Can I trademark my last name?

Briskin, Cross & Sanford - Business Law Blog

The short answer is, “Generally, no.”  People try it all the time, and the United States Patent and Trademark Office politely rejects the applications and keeps the filing fees.  If you disagree with the Trademark Office’s rejection, or if you think someone else is trying to grab your surname for a trademark and you want to file an opposition to their application (or even seek to cancel their mark if it has already registered), you can take it up with the Trademark Trial and Appeal Board, or TTAB.  Trademark litigation is a specialized type of practice that runs a bit like a federal court trial, though most of it happens in writing rather than “live and in person.”  A good illustration of this is the recent (January 7, 2013) case that pitted Mitchell Miller d/b/a The Miller Law Group against Michelle Miller d/b/a, you guessed it, The Miller Law Group.

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What Protection Of Traditional Knowledge Means To Indigenous Peoples

The Noah Project

By Catherine Saez, Intellectual Property Watch

World Intellectual Property Organization member states in July concluded the biennium work of the committee tasked with finding agreement on international legal tools to prevent misappropriation and misuse of genetic resources, traditional knowledge and folklore.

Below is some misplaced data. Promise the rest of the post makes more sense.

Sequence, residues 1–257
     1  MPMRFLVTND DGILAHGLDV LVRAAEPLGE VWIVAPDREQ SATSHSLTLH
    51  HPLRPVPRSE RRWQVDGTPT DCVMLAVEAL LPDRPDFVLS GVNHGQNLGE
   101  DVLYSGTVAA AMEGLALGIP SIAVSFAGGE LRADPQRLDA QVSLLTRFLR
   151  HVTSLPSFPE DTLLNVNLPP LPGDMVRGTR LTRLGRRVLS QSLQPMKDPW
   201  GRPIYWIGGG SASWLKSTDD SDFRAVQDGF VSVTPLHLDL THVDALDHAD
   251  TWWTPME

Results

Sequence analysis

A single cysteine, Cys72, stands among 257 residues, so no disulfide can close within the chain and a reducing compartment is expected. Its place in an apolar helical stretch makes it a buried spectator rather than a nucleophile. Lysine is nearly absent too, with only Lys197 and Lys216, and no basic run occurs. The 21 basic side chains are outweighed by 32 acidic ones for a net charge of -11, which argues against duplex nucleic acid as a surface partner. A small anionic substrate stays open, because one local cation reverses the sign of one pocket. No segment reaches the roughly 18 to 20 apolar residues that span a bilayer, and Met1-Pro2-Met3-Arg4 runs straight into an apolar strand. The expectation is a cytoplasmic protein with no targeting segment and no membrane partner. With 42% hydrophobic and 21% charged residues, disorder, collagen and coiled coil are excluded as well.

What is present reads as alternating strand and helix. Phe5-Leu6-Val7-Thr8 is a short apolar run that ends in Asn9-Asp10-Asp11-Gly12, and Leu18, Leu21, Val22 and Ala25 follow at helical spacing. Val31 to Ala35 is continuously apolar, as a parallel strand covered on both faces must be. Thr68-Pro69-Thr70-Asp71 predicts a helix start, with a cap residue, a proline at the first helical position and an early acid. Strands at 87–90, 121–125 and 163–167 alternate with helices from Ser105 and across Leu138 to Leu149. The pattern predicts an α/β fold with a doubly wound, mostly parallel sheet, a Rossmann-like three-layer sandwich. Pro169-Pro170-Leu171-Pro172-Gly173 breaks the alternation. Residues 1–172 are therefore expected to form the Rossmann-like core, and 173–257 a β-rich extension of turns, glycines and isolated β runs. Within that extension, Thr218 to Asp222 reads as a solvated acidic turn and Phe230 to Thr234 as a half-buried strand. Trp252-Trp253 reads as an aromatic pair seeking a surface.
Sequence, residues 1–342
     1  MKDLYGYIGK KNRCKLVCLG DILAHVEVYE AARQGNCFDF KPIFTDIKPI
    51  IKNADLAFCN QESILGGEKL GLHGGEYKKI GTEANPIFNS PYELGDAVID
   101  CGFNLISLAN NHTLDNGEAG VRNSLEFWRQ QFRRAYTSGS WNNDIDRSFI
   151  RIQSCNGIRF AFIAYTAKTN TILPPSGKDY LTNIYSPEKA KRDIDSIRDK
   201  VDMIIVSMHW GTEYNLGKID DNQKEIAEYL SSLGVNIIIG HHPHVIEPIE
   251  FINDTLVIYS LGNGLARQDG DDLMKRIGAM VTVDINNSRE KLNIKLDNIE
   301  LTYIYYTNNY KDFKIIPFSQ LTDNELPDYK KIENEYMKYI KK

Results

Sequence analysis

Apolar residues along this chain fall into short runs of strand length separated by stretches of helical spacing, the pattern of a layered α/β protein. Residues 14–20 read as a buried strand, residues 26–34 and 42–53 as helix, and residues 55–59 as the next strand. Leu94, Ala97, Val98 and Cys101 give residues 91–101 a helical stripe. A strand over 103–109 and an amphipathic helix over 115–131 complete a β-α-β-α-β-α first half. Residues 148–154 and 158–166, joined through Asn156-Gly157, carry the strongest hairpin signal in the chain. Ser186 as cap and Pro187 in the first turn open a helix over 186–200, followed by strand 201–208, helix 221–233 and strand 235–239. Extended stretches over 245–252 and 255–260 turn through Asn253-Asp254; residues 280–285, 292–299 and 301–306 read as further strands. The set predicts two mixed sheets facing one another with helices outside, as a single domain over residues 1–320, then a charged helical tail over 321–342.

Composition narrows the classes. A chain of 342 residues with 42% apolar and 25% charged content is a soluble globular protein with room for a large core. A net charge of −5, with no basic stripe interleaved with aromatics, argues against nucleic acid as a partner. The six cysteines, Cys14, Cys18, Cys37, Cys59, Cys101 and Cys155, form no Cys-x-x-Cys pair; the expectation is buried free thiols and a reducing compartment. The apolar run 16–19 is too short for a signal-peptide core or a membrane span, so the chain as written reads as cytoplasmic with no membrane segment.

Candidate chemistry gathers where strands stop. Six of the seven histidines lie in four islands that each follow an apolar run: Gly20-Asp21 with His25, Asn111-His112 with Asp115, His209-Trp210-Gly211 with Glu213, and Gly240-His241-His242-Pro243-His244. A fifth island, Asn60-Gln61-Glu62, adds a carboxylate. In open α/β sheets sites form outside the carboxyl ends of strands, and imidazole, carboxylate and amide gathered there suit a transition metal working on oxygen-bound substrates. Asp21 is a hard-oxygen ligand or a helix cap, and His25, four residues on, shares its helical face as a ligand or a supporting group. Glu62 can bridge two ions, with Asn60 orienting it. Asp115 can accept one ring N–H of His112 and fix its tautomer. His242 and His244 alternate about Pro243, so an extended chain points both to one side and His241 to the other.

Indigenous peoples and local communities are holders of a substantial part of this knowledge and are demanding that it be protected against misappropriation but also against its use without their consent.

Intellectual Property Watch conducted two interviews with different indigenous groups attending the 15-24 July WIPO Intergovernmental Committee on Intellectual Property and Genetic Resources, Traditional Knowledge and Folklore (IGC) (IPW, WIPO, 25 July 2013).

The IGC is working on the protection of genetic resources (GR), traditional knowledge (TK), and traditional cultural expressions (TCEs or folklore) against misappropriation mainly by commercial interestsOther concerns include knowledge that has been claimed for collection purposes, or research…

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In IP, Words Are All We Have.

philogames

Intellectual Property is strictly a creature of law and language- it exists only in word and in law. (Unless it also exists in ethics and metaphysics…)

Why do I keep writing about language on a blog about IP law and videogames? With most things we talk about in our day-to-day lives, there’s a tangible object that correlates to our discussion. If we argue about who owns a piece of land, a TV, a sandwich- there’s a THING that we can point to and say “THAT is what I’m talking about.” But there isn’t a physical object of “right to publish.” Sometimes there’s a contract, but the contract is only words- which brings us right back to language. The only “thing” we have is a linguistic representation of an intangible and [I argue] abstract idea.  For me, this sets IP law apart from every other type of law. And yet, IP…

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Copyright Alert System Begins

Astronomy and Law

The Copyright Alert System officially has begun. The system, also referred to as the “Six Strikes” program, is intended to deter copyright infringement committed through illegal file sharing.

The Center for Copyright Information (CCI) operates the alert system. Members of the coalition include the Motion Picture Association of America, Inc., the Recording Industry Association of America, and major ISPs, including AT&T, Cablevision, Comcast, Time Warner Cable, and Verizon.